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Thursday, October 18, 2007


Celebrating a massacre

It wasn't enough that the U.S. government, via the CIA, sponsored an invasion of Cuba in 1961 (one in a long line of illegal attempts to overthrow a foreign government) at the Bay of Pigs. Now they're celebrating a massacre that was part of that invasion:
The Bay of Pigs invasion has been a low point for the U.S. government since its failure more than four decades ago. Now, the men who volunteered for the mission are being remembered at an art gallery at -- of all places -- the CIA, which plotted the clandestine operation.

Veterans of the ill-fated attempt to topple Fidel Castro -- Cuban exiles, CIA contract pilots and the families of four Alabama Air National Guardsmen who died in Cuba -- will gather Thursday at the Southern Museum of Flight in Birmingham, Ala. There, an oil painting will be unveiled that depicts one of the successes of the covert operation: an April 1961 aerial attack on Castro's forces that took out an estimated 900 soldiers.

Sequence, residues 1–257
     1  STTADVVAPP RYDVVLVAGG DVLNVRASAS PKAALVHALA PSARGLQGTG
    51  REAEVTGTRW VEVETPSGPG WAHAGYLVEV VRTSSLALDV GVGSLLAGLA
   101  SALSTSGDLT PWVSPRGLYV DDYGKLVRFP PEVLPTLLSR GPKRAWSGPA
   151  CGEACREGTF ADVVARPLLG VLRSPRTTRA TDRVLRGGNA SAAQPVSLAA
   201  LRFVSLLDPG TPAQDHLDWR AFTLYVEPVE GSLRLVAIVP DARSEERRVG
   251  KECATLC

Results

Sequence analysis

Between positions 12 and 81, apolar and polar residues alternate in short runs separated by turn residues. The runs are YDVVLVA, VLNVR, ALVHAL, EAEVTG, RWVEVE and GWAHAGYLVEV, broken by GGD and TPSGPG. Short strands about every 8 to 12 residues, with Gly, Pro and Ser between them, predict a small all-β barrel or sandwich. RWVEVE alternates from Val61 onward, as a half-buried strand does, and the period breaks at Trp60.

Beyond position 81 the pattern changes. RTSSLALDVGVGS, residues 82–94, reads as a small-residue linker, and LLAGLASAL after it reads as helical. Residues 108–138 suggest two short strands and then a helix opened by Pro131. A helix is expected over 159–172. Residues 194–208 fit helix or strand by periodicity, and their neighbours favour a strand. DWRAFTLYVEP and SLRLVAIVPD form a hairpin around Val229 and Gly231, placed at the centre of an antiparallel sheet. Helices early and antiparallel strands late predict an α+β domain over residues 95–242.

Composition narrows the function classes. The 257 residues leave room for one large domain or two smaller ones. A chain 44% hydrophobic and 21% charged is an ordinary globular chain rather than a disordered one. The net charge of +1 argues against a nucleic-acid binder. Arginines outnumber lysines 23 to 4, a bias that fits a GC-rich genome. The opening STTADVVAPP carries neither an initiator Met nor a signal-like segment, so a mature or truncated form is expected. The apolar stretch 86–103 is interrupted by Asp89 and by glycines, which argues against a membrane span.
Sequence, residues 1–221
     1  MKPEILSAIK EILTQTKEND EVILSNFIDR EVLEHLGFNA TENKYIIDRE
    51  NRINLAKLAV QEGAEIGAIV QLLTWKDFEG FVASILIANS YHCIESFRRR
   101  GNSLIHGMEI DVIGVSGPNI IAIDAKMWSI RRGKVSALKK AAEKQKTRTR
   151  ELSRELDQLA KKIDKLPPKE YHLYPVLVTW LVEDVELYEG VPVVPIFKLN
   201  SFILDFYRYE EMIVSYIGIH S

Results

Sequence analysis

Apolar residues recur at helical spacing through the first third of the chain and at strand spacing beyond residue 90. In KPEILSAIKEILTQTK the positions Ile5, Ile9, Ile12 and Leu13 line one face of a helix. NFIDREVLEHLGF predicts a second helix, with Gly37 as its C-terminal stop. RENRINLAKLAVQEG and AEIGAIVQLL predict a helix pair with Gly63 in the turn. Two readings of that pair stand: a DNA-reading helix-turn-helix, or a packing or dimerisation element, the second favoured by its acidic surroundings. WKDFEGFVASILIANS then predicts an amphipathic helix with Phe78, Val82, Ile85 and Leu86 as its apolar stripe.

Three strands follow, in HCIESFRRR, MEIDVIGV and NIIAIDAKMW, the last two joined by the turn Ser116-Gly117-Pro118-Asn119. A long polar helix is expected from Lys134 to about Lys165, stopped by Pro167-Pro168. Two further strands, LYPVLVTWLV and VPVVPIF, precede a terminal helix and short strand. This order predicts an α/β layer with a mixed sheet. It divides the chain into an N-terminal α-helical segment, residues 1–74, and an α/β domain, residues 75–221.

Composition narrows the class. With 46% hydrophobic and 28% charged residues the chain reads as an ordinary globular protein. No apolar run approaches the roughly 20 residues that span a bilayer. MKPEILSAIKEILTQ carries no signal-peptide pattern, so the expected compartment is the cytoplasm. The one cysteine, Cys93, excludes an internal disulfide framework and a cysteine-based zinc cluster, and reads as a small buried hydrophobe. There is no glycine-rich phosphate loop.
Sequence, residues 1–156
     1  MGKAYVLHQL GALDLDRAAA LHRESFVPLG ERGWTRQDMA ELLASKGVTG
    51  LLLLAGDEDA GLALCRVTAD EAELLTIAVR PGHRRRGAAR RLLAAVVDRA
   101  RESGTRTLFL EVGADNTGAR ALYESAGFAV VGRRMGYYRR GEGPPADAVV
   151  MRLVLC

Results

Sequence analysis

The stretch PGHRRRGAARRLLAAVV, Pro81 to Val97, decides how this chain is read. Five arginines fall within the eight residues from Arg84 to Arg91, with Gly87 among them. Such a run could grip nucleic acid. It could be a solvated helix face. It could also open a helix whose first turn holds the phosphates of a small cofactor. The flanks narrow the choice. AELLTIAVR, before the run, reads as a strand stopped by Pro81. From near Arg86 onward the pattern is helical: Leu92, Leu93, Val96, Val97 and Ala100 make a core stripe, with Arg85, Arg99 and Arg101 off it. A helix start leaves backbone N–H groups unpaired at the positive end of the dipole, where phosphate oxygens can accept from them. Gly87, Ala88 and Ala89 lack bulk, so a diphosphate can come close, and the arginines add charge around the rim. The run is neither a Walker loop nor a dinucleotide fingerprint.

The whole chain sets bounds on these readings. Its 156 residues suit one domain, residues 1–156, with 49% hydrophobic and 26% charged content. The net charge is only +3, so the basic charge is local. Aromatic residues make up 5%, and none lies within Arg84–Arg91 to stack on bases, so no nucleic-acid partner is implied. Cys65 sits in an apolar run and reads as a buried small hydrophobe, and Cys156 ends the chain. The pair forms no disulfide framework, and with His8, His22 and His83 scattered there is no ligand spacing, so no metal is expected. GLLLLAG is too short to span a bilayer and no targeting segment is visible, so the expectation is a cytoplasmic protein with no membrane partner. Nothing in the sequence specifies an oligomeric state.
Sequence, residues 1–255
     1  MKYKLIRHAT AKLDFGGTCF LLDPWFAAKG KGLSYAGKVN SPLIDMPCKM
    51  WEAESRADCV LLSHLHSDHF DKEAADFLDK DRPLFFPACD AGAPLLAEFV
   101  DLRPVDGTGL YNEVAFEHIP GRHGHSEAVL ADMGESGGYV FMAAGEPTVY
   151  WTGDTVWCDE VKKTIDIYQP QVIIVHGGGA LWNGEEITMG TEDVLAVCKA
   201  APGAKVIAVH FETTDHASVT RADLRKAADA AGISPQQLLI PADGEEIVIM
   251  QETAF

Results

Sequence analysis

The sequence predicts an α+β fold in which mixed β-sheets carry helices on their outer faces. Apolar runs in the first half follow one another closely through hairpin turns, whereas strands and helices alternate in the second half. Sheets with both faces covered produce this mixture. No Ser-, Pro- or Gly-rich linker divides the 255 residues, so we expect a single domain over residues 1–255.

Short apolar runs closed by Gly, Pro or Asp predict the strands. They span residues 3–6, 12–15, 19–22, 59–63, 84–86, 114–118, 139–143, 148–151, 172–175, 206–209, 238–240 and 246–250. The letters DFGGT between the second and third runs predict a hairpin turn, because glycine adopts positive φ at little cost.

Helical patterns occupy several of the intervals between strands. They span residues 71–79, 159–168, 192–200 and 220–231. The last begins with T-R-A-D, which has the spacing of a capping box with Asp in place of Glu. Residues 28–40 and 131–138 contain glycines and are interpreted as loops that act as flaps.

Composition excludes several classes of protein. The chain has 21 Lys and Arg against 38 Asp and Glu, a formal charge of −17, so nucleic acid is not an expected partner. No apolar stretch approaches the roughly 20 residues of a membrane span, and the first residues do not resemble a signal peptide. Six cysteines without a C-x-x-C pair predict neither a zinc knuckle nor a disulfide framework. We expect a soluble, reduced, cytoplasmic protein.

Titled Lobo Flight, the 40- by 30-inch painting shows a vintage B-26 twin engine bomber flown by Connie Seigrist -- the lead pilot of a convoy of B-26s painted to look like Cuban aircraft -- dropping bombs onto a column of Cuban troops heading to the beach, where a group of CIA-trained Cuban exiles had landed to attempt to overthrow Castro.
Quoting Dana Carvey as the Church Lady, "well, isn't that...special." What's next, a painting celebrating the "success" of the firebombing of Tokyo, or the dropping of the atom bomb on Hiroshima and Nagasaki? How about a painting of the "success" at My Lai? Oh sorry, those weren't CIA "successes." OK, we'll go with a painting of the murder of Salvador Allende. They're probably still toasting that "success" at CIA headquarters.

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